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Reading James Baldwin’s “Anti-Gay” Gay Politics

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If James Baldwin were alive, the Harlem-born author would be 83 years old today.

Though he died of stomach cancer in 1987, Baldwin’s legacy lives on in his classic novels, such as Go Tell It On The Mountain, which examines the church’s often repressive role in black communities.

Giovanni’s Room, meanwhile, offers an honest, heart-breaking account of homo love. Baldwin’s fiction definitely pushed the envelope. His personal politics, however, were a different story.

Journo James Withers takes a look at Baldwin’s gay politics – or lack thereof, after the jump.

James Baldwin’s books are part of my childhood. My parents’ bookshelves were stacked with the best and the worst of civil rights-era literature. Kyle Onstott’s racial – and excitingly confusing homoerotic – potboilers Mandingo , Drum, and Master of Falconhurst sat alongside, W.E.B. DuBois’ The Philadelphia Negro, The Autobiography of Malcolm X, and The Panther and the Lash. Baldwin’s essays and novels, however, held a place of honor and our collection grew with each fresh publication.

My first Baldwin memory is barely making a dent in The Fire Next Time. It bored me and had none of the perplexing thrills of Onstott. From his first novel, the autobiographical Go Tell It On The Mountain, until his untimely death in 1987, Baldwin was the country’s prophet. He consistently urged us to reimagine our racist reality – and each other. When it came to race, Baldwin was insistent and unequivocal, but his loving voice remained mute on sexuality.

In “The Price of the Ticket,” the introductory essay to his collected non-fiction, Baldwin tells a rather sad tale of a young friend named Eugene. One day, years before Baldwin became a household name, Eugene decided “to run down a list of his girlfriends; those he liked, those he really liked, one or two with whom he might really be in love with and then, he said, ‘I wondered if I might be in love with you.’”

Baldwin admits he was scared to respond to this loving declaration and dismissed it. When Eugene threw himself off the George Washington Bridge, Baldwin writes, the exchange came back to haunt him. “I wish I had heard him more clearly: an oblique confession is always a plea.” A tragic story, yes, but when Baldwin lists the reasons why a young man would take his life, sexuality is not mentioned. Eugene’s race and class are (he was black and needed a place to live), but what his gay life might have been gets put aside. Sexual inarticulacy became Baldwin’s motif, even after he came out of the closet.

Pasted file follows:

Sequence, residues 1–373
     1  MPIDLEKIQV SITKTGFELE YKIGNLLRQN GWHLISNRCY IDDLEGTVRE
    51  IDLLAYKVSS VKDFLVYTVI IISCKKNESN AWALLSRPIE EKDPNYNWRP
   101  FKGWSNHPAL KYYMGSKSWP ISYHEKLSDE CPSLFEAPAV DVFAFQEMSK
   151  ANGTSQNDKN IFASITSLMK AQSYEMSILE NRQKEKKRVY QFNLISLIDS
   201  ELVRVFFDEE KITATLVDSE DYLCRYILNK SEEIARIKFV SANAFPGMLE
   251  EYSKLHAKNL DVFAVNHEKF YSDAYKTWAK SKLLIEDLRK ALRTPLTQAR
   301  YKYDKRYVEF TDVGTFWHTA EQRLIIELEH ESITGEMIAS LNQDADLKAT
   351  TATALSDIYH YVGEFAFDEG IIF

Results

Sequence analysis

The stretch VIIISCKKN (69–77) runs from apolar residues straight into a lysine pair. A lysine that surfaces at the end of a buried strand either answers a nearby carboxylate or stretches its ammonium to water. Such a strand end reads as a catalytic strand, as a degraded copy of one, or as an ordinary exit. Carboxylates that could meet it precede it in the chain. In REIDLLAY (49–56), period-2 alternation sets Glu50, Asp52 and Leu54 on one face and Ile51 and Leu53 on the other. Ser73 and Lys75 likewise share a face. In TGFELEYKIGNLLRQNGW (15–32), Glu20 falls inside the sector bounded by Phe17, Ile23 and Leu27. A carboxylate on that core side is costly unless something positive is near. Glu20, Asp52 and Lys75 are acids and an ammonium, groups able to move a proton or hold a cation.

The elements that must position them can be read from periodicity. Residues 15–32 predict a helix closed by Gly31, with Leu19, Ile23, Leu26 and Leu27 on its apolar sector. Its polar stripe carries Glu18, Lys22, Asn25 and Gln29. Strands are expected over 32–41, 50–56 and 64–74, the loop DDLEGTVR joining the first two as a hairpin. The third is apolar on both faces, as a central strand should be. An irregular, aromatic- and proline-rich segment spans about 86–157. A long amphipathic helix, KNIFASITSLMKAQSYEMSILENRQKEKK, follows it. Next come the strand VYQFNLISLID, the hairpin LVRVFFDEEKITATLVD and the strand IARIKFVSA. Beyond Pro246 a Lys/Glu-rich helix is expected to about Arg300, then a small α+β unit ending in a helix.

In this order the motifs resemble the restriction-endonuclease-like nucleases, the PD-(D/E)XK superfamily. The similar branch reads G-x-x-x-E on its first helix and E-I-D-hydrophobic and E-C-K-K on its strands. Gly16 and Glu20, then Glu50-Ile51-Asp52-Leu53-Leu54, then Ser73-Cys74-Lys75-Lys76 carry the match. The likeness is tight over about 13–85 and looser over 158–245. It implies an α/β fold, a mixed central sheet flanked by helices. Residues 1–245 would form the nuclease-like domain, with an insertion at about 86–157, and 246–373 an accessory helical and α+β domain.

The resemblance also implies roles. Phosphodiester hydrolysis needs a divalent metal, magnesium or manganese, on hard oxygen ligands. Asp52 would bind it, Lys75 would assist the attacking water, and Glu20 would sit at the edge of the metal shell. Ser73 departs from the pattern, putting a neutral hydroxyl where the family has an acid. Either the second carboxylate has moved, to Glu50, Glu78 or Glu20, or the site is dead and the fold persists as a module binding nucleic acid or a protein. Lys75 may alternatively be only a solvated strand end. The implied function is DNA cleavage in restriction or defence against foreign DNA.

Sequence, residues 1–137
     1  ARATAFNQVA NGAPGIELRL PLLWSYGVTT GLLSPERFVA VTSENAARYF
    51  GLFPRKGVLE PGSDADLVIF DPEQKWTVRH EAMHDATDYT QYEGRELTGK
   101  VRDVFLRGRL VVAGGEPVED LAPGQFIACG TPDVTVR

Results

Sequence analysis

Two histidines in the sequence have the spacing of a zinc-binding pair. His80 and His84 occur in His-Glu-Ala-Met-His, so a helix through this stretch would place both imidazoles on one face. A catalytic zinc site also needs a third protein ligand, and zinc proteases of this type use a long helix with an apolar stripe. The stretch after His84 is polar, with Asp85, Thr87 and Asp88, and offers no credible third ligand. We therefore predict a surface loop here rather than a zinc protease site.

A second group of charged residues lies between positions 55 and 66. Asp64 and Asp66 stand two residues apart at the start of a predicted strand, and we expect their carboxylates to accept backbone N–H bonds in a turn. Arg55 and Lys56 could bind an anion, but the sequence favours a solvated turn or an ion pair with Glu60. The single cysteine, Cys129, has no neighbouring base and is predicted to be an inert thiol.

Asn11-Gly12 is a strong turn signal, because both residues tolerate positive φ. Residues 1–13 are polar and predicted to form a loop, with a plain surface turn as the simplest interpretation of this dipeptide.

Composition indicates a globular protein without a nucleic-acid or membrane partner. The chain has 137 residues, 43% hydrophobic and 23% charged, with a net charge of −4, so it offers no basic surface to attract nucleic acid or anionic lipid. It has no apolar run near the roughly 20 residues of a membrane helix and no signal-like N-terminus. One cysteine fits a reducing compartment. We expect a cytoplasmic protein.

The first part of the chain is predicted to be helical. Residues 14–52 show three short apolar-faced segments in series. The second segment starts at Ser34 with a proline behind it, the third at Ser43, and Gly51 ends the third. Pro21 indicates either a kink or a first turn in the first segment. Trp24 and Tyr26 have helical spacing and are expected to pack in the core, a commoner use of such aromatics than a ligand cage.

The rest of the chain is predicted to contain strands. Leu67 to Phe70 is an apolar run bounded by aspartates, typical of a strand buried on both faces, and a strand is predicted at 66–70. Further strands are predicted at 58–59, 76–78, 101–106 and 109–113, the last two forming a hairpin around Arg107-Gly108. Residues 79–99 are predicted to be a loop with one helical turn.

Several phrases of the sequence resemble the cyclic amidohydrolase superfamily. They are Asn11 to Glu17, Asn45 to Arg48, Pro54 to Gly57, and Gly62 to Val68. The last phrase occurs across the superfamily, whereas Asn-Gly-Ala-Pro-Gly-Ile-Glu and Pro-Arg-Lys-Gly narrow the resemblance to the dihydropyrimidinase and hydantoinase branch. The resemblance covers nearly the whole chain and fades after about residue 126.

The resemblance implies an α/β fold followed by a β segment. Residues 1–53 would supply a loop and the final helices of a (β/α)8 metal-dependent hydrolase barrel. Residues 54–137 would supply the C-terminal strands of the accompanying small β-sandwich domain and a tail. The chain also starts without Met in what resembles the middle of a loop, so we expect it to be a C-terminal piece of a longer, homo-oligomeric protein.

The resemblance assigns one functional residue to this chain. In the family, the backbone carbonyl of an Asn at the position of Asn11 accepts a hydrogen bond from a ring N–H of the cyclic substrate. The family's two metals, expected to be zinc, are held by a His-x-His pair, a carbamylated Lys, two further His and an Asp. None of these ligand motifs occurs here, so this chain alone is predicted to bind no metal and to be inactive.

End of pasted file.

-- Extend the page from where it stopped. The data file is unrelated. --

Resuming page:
Essentially a homophobic beat-down of Baldwin , Eldridge Cleaver’s Soul on Ice reads, “Homosexuality is a sickness, just as are baby-rape or wanting to become head of General Motors.” Baldwin responded in an essay “No Name in the Street” and despite the thirty-five years since its publication, Baldwin’s timidity still astounds:

I felt that he [Cleaver] used my public reputation against me both naively and unjustly, and I also felt that I was confused in his mind with the unutterable debasement of the male—with all those faggots, punks, and sissies, the sight and sound of whom, in prison, must have made him vomit more than once.

In a rhetorical flourish Baldwin separates himself from all “those faggots, punks, and sissies” forgetting that Cleaver, or any homophobe, makes no distinction. A faggot is a faggot is a faggot, no matter how much work you have done for civil rights.

It is rather easy for me to take Baldwin to task for this. The Black Power movement of the late 1960’s and 1970’s was the rage and anyone seen as lacking power or blackness was put under the bus by those convinced they were working for the revolution. After Black Power became another part of history and Cleaver had defected to the GOP, Baldwin continued to write about sexuality in a way that was cowardly, as if he was trying to make a
distinction between himself and those other “male debasements.”

Baldwin’s “Freaks and the American Ideal of Manhood” was originally published in Playboy (!) in 1985. In that essay, Baldwin talks about a lover he had at 16. The gentleman was 38 and a Harlem racketeer.

And though I loved him, too – in my way, a boy’s way – I was mightily tormented, for I was still a child evangelist, which everybody knew, Lord.